New Advances in Medical Research

Part I: University of Virginia oncologist Dr. Leland Chung is working with a team of scientists, who may be just two years away from testing on humans a vaccine for prostate cancer. Chung …

March 21, 1997

Bound for Glory: New Books and Poetry by Virginia Writers

Part I: Novelist George Garrett of University of Virginia and poet Lucinda Roy of Virginia Tech discuss their latest works, the role of poetry in modern life and ways to encourage its appreciation among young …

March 7, 1997

Changing Places: Coal Towns and Appalachian Oral Tradition

Chronic underemployment and mass media threaten to erase unique cultures and traditions in mining towns throughout Appalachia. Scholars are racing to document the lives and lore of these communities before …

February 28, 1997

Drawing the Line: The Legacy of Warren Burger

Chief Justice Warren Burger presided over the Supreme Court from 1969-86, issuing/landmark decisions on abortion, pornography, and Constitutional questions related to Watergate. Law professor John Jeffries, who clerked in the Burger …

February 21, 1997

Stories Seldom Told: A Celebration of Black History Month

Negro History Week was changed to Black History Month in 1976. Why do we have it? And how does it help us to understand the contributions of African-Americans. Historians Edgar Toppin of …

February 14, 1997

Tragic Endings: Suicide and the Elderly

The rate of suicide among the elderly is 50 percent higher than that of the general population. And it continues to climb. For some people, suicide is becoming a ritualized …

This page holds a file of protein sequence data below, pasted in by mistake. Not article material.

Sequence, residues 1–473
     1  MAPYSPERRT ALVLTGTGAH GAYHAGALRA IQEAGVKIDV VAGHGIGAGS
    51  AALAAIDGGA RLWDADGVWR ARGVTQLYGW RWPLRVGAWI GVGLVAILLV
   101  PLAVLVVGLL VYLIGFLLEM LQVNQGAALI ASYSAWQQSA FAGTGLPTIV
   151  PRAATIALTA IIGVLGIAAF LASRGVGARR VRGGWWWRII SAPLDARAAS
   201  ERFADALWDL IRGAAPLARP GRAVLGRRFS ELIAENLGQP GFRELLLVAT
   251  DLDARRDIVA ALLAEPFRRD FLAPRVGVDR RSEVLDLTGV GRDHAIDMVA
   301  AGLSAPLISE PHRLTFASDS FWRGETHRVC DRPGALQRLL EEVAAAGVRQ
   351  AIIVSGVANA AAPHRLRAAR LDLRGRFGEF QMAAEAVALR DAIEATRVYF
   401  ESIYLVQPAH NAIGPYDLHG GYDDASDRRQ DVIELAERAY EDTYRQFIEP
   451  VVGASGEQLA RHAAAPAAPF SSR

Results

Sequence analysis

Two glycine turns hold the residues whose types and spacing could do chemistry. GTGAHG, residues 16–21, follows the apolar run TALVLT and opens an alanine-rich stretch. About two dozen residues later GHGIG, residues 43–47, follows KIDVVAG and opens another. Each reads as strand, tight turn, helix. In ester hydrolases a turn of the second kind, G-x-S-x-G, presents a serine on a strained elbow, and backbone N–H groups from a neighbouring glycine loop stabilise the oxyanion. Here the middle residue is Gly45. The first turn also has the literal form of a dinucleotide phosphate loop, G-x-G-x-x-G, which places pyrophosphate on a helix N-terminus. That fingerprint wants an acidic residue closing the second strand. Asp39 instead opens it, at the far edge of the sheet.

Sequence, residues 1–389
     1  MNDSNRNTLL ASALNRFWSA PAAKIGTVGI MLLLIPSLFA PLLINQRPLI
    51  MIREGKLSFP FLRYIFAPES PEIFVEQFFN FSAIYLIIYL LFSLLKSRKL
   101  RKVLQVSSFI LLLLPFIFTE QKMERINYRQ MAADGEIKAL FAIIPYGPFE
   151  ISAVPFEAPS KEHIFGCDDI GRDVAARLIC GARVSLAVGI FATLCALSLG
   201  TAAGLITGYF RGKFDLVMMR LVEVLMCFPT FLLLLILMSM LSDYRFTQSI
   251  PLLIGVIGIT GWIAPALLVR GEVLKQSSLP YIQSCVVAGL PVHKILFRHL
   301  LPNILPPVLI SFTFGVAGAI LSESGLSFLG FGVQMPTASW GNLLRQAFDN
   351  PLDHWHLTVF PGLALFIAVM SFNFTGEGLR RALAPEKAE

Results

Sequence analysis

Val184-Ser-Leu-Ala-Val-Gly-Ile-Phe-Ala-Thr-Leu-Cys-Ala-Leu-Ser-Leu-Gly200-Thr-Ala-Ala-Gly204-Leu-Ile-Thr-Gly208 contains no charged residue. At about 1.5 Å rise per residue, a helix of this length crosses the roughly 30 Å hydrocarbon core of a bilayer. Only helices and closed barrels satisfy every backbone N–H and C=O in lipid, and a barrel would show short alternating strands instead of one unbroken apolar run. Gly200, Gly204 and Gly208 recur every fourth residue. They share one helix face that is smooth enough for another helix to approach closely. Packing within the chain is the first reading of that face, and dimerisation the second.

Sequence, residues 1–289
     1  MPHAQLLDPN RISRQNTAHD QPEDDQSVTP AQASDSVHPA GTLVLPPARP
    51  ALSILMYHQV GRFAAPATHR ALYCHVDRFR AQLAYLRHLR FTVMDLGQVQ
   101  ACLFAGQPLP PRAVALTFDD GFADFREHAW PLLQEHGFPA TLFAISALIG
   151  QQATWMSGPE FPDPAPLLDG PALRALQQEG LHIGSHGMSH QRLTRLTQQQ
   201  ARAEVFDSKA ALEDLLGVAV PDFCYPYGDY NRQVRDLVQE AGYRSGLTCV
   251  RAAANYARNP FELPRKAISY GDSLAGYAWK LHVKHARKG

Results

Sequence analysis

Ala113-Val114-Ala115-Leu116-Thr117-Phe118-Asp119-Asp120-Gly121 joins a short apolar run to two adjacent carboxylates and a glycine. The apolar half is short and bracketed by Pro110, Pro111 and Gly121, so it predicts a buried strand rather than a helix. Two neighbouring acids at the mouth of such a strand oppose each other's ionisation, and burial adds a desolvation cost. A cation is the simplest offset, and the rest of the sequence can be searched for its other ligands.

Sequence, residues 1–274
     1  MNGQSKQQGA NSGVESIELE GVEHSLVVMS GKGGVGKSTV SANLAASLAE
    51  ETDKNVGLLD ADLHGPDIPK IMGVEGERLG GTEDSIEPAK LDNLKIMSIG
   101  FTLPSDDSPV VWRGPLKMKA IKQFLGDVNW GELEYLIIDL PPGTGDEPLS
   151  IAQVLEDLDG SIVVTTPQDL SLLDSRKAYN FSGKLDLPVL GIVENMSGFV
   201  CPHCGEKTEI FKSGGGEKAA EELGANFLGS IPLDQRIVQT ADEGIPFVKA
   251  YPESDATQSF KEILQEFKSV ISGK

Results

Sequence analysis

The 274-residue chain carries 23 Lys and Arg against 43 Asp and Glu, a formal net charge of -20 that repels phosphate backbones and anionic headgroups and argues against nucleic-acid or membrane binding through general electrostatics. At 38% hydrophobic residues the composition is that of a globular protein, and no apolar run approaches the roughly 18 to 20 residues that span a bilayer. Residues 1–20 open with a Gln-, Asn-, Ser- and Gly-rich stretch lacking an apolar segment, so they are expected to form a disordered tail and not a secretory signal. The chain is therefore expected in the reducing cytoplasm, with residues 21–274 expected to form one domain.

February 7, 1997

Blacks, the Law, and Lynching

Virginia was one of the first states to be readmitted to the Union after the Civil War, perhaps because its post-war constitution promised equal treatment under the law to former …

January 31, 1997

Both Sides Now: Multiculturalism in the Classroom

Many people feel multiculturalism is a plot by liberal professors to undermine the accomplishments of dead, white, European males. Not true, says George Mason historian Lawrence Levine, author of The Opening of …

January 24, 1997

You Must Remember This: Advertising and Memory

Advertisers will spend millions of dollars on this year’s Super Bowl to get us want to wear their jeans, drink their sodas, and drive their cars. When we’re happy, their …

January 17, 1997

As a Matter of Fat: American’s Obession with Weight

Part I: For the first time in history, overweight Americans outnumber “normal-sized” ones. University of Virginia exercise physiologist Glenn Gaesser, author of Big Fat Lies, says dieting almost always promotes the very thing …

January 10, 1997

Put to the Test: The Controversy over Standards of Learning

Racial and ethnic divisiveness made the creation of statewide standards for history in Virginia a lengthy and controversial process. Now some educators are calling for national standards. Are we up …

January 3, 1997

It’s a Small World: The Threat of Unchecked Population Growth

The world’s population is expected to double between 1990 and 2050, the shortest doubling rate in man’s history. The pressures on food and water supplies will be unprecedented. George Mason …

December 27, 1996

The Sky’s the Limit: The Role of the Heavens Across Cultures

From astrology to Zen, the heavens have been revered in every culture under the sun. Have Martian bacteria and multiple moon walks demystified the skies for modern man? University of …

December 20, 1996

Holy City, Holy Wars: Jerusalem and the Rise of Fundamentalism

Jerusalem is a city of unmatched importance to Christians, Muslims, and Jews alike. Throughout history, the City of David has triggered fierce reverence and fanatic revenge. Virginia Tech historian William Ochsenwald and …

December 13, 1996

Featured

A black and white photo in which one light-skinned US Marine in uniform leans against the Vietnam memorial wall.

Voices of Vietnam

The Vietnam War pulled America apart, dividing our country into factions. And yet, memories of the Vietnam War unite us. In a new eight-part special series, With Good Reason explores the unresolved tensions in our understanding of the war and the perspectives and people it forever changed.